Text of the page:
In addition to not using pesticides in the garden, one of the easiest actions families and home gardeners can take to protect all pollinators (and our food supply!) is to plan and build a garden full of plants and spaces that attract native pollinators as well, as any visiting honeybees.

Come On In!

Families and home gardeners can take steps to encourage and invite native pollinators into their yard. This not only helps to support native pollinators and ensure we have fresh tomatoes to harvest, but it also creates a beautiful natural landscape to enjoy! Sit down as a family and talk about why it is important to protect and build a welcoming habitat for pollinators.

Research what foods are pollinated by insects. Create a list of your favorite foods that are dependent on them.

Have kids draw out a picture of their favorite meal normally. Then, ask them to imagine what their plates would look like in a world without pollinators.

Recognize the habitat and native pollinators that are already share your space.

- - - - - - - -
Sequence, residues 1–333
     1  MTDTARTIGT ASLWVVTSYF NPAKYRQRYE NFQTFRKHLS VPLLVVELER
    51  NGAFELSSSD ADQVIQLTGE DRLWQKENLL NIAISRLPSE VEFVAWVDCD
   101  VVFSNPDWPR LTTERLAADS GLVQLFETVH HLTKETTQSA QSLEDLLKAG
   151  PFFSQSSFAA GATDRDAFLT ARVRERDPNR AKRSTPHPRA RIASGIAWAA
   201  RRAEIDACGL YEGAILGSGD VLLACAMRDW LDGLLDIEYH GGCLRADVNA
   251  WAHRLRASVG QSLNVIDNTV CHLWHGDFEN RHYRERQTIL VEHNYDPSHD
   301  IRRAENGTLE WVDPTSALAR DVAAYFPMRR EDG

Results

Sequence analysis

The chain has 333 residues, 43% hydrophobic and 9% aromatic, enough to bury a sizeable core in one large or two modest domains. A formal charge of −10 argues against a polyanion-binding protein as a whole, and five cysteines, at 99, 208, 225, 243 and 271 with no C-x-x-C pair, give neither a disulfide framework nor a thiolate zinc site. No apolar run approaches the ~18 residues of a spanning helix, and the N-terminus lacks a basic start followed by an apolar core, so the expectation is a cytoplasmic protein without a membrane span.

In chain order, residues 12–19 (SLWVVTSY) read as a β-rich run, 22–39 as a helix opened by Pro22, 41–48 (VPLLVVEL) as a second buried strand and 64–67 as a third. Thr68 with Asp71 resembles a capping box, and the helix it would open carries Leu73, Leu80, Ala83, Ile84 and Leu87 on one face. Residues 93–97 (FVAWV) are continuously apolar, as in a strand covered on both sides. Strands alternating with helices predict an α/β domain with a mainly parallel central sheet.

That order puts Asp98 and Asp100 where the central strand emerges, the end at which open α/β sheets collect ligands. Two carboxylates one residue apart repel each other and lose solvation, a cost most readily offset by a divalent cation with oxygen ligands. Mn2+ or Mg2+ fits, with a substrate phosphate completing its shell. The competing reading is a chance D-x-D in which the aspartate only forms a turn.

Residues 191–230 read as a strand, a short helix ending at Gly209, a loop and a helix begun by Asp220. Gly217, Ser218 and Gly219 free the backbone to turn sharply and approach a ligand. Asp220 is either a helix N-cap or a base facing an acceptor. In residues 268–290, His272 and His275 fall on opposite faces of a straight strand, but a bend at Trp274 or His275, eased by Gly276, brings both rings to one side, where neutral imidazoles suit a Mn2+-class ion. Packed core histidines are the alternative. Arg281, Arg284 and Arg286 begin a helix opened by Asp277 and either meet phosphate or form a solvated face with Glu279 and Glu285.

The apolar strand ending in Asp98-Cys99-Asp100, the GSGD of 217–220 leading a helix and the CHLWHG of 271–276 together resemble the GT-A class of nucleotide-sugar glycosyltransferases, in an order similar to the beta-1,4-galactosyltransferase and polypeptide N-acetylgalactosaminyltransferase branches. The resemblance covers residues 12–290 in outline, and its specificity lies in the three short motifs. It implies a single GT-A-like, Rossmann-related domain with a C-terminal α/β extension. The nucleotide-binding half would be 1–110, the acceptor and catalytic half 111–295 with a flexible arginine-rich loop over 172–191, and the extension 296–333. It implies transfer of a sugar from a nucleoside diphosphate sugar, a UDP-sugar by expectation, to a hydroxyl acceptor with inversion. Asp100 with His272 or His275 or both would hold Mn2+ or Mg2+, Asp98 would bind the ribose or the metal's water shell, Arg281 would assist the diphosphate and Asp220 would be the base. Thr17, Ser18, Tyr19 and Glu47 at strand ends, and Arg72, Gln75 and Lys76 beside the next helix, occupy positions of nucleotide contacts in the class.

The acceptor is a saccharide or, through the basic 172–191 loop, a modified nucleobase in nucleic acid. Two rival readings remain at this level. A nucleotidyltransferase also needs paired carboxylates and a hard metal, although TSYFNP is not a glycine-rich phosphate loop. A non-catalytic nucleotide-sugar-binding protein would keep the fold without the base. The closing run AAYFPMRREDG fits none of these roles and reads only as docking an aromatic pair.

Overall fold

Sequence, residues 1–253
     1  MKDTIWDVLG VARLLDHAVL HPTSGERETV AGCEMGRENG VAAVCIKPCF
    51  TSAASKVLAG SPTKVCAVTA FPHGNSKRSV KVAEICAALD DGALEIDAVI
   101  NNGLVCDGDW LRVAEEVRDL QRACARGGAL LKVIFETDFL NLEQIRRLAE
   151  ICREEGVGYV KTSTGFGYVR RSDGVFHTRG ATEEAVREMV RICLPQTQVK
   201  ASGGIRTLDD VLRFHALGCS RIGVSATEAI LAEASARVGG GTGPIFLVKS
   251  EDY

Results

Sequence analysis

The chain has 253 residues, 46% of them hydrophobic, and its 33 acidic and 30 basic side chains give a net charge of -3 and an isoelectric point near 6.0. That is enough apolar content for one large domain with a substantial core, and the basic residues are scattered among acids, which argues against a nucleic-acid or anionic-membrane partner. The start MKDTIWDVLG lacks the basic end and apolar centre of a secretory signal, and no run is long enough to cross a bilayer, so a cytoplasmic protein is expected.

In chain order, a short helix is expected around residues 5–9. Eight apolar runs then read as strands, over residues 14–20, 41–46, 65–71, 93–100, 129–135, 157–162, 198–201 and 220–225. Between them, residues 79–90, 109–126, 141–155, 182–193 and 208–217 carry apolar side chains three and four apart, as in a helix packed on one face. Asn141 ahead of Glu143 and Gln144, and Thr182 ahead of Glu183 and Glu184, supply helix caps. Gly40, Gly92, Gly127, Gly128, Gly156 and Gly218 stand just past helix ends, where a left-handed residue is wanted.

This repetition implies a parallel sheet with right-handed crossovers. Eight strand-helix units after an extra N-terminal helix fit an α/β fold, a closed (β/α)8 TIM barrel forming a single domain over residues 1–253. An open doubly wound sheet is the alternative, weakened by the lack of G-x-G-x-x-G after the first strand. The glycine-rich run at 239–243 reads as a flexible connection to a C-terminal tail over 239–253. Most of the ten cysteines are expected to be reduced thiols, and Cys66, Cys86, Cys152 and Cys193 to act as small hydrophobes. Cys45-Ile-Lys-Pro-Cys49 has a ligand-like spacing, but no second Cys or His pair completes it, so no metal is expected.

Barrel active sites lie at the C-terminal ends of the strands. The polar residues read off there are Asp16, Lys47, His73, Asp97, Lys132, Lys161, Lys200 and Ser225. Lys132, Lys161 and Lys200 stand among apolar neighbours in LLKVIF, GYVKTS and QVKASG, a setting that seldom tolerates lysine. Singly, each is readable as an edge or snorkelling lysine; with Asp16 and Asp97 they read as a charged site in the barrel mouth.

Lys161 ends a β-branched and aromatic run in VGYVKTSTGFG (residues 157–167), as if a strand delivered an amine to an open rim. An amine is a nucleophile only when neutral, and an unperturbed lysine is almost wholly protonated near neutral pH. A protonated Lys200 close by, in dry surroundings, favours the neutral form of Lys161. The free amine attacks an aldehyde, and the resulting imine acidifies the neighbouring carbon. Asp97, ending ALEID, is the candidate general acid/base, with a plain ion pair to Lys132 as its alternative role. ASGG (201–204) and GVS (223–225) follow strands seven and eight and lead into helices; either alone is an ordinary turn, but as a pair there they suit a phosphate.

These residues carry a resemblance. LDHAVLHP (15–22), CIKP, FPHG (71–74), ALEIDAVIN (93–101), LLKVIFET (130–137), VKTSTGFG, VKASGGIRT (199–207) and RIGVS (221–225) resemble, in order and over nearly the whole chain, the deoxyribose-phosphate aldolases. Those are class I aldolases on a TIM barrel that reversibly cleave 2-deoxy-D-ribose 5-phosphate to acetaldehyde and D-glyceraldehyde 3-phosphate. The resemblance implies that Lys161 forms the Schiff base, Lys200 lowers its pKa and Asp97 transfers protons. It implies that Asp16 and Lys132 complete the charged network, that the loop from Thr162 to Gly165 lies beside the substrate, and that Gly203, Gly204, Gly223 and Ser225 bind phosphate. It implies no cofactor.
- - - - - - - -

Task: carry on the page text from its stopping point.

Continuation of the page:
For younger family members:

Send the kids out for some quiet observation time. Have them “play scientist” by quietly sitting and identifying the insects they spy out in the garden, along with what plant/flower the pollinator is visiting. Have younger kids draw what they see.

Compile a list of species spotted in the yard.

For adults and older youth:

Research the plants and habitat needed for the pollinators observed in your yard and/or the native insects that you would like to encourage. Just like how monkeys and gorillas like to eat different things and prefer different living spaces, bees and butterflies have unique preferences. The Xerces Society is a great place to start.